“That’s where I see a lot of kids that want to get their photo taken with Pennywise, and are real excited for it,” Dee said.
Why People Join The Spooky Community
Fans of Halloween come together over their love of all things frightful, and events like the ones thrown by Halloween Huns offer a place to do that. The local creepy community also brings together people because of the scary space being a safe space, according to Dee.
“It’s people who were generally probably outcasts growing up. We weren’t the cool kids,” Dee said. “The spooky kids are always made fun of.”
A lot of queer people turn to this community as well.
“It’s frightening to live, for some people, so the only thing that makes it tolerable is engaging in even more frightening activities,” Dee said. “People who weren’t protected growing up… I know, personally, I feel I need to protect other people more. So if I see a little goth kid, I’m like, ‘come here, let me bring you into the fold, sweetheart.’”
It helps bring into perspective that hey, at least no monsters are trying to kill you in your sleep.
“I don’t know, there’s just something comforting about watching someone getting murdered, which I know makes me sound like a crazy person,” Dee said, laughing. “But it’s something about that entire feeling of, there’s crispness in the air, I’m enjoying my apple cider, and I’m carving a pumpkin, and there’s a horror film on television. There’s something funny about it, because it gets so ridiculous sometimes. Why are you running towards it? I know that I can go watch some girl in high heels run through a forest towards the bad guy, and that she’s gonna trip, and she’s gonna fall, and she’s gonna get murdered.”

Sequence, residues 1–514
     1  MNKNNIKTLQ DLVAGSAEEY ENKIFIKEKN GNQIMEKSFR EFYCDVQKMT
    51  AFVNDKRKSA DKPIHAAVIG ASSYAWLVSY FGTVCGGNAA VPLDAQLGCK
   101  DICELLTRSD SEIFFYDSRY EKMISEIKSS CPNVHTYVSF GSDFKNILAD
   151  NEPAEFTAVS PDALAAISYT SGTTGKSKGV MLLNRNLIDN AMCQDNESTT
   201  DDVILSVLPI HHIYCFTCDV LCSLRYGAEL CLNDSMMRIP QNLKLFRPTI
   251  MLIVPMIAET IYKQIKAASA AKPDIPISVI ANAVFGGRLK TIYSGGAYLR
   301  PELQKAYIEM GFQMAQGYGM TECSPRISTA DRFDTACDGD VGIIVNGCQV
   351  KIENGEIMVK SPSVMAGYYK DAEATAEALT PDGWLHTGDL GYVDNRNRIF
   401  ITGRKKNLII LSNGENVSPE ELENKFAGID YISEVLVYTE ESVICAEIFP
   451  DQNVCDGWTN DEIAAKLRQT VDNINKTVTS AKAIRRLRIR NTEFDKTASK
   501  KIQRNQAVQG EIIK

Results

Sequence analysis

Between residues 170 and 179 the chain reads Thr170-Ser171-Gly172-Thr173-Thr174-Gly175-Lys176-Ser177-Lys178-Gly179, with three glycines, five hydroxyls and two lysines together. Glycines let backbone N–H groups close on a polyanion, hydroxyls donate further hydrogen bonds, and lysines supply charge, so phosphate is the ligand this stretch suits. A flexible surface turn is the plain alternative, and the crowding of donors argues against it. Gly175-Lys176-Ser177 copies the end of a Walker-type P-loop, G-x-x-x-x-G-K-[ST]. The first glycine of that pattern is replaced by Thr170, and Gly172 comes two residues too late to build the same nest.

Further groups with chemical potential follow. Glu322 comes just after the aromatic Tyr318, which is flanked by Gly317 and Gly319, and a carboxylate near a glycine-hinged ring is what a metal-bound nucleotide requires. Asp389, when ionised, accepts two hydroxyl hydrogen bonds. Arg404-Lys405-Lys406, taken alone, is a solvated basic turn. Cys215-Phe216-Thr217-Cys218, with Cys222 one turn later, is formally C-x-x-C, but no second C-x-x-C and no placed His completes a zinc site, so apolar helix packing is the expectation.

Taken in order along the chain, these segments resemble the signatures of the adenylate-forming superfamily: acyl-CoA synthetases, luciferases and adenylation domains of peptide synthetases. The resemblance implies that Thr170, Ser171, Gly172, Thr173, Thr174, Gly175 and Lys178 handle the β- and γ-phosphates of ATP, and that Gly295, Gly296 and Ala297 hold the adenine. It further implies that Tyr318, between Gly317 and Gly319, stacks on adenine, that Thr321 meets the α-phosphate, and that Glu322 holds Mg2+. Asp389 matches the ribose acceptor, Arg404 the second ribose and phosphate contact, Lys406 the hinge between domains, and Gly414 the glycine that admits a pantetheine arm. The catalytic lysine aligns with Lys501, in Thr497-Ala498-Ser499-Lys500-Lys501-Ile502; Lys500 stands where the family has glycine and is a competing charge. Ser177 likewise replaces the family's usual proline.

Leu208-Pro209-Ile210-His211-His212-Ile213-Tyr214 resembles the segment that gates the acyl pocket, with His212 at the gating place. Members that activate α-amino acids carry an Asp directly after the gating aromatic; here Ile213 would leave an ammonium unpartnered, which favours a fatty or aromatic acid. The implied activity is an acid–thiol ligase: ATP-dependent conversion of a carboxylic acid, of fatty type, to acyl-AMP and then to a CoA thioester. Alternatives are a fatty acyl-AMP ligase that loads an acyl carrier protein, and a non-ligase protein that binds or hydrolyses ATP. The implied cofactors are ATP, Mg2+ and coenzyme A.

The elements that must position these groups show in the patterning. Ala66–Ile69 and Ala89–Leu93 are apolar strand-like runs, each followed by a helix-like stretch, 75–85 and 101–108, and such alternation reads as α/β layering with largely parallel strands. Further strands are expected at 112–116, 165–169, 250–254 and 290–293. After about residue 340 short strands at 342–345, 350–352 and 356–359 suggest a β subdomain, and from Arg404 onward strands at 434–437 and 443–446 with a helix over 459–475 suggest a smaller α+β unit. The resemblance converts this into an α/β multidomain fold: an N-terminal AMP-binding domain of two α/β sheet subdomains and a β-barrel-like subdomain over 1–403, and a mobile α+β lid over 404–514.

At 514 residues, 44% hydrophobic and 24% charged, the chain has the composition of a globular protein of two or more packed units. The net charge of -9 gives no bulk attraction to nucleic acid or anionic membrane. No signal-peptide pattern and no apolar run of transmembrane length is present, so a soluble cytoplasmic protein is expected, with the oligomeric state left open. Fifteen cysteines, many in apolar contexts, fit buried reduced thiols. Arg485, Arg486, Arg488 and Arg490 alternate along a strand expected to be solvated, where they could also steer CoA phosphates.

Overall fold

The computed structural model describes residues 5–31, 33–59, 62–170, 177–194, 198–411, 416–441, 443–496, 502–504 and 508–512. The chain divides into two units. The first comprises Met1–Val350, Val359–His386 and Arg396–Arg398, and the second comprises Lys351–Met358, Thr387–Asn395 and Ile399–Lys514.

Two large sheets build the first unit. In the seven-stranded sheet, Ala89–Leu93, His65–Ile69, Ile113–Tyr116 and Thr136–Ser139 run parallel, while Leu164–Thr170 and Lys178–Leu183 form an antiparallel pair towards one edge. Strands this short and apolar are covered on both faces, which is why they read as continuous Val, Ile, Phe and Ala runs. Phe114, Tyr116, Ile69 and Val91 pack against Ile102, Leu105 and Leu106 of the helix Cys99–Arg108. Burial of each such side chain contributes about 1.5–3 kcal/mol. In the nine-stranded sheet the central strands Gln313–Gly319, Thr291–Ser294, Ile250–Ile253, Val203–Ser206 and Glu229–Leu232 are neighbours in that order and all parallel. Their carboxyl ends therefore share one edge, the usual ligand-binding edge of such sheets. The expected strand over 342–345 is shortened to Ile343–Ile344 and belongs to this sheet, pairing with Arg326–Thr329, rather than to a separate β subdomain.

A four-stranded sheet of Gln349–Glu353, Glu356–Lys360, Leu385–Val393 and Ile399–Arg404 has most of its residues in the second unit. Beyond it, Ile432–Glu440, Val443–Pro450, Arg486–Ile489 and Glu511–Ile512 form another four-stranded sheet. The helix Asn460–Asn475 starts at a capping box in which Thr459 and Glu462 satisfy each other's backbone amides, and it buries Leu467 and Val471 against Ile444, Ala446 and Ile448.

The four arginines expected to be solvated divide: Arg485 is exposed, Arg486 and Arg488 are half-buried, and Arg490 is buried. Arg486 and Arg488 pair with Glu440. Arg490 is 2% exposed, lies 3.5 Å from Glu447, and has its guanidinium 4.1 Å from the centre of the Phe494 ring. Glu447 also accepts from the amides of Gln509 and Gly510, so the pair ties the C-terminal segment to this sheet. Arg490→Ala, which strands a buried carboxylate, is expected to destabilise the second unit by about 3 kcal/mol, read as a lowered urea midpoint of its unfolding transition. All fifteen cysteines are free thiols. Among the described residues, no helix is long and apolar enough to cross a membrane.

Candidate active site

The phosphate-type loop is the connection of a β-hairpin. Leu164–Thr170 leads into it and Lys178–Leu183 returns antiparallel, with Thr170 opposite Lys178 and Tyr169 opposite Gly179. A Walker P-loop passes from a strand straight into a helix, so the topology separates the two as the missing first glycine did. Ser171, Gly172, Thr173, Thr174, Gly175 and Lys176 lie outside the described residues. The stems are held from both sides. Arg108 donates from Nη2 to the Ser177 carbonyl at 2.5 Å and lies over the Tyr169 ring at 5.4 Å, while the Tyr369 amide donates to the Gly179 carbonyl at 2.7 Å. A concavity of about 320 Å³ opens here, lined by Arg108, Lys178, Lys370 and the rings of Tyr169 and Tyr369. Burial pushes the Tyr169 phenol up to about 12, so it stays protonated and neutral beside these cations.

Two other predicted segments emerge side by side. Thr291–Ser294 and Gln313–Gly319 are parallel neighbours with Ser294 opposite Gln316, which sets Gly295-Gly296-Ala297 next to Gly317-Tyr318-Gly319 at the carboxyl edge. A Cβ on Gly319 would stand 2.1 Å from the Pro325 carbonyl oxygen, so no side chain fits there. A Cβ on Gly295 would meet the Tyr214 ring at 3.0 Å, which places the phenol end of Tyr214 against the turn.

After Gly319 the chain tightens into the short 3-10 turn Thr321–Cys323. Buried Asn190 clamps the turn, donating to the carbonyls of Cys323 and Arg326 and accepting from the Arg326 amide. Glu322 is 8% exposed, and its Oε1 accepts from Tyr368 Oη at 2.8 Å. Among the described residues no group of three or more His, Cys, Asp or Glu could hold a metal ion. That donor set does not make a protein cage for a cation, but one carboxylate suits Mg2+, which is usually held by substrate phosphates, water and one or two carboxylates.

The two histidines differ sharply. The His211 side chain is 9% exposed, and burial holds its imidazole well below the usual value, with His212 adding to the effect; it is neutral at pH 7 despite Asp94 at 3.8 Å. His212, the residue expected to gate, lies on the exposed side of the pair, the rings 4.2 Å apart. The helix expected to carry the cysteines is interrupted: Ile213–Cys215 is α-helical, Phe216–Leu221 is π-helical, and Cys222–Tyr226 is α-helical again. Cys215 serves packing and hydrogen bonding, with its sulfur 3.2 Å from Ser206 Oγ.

For Dee, they also believe they grew up in a haunted house. A home built in the 1800s, where an old woman was said to have died in the attic… and could be heard walking back and forth, was believed to throw items off of shelves, and would mess with Dee while they were sleeping.
Yeah, we’d probably get real into Halloween too.
So the Halloween Huns are finally getting to celebrate their favorite day — then, maybe after the holidays, a return to less spooky competition.
You can visit the Halloween Huns at their Spooky Sunday event this Halloween, held at Lawless Brewing in North Hollywood. Tickets are free, but they ask people to register ahead of time on their website to help with verifying COVID-19 vaccinations. Oh, and Día de los Muertos is Monday, so you can follow up Halloween by kicking off your own full year of spooky joy.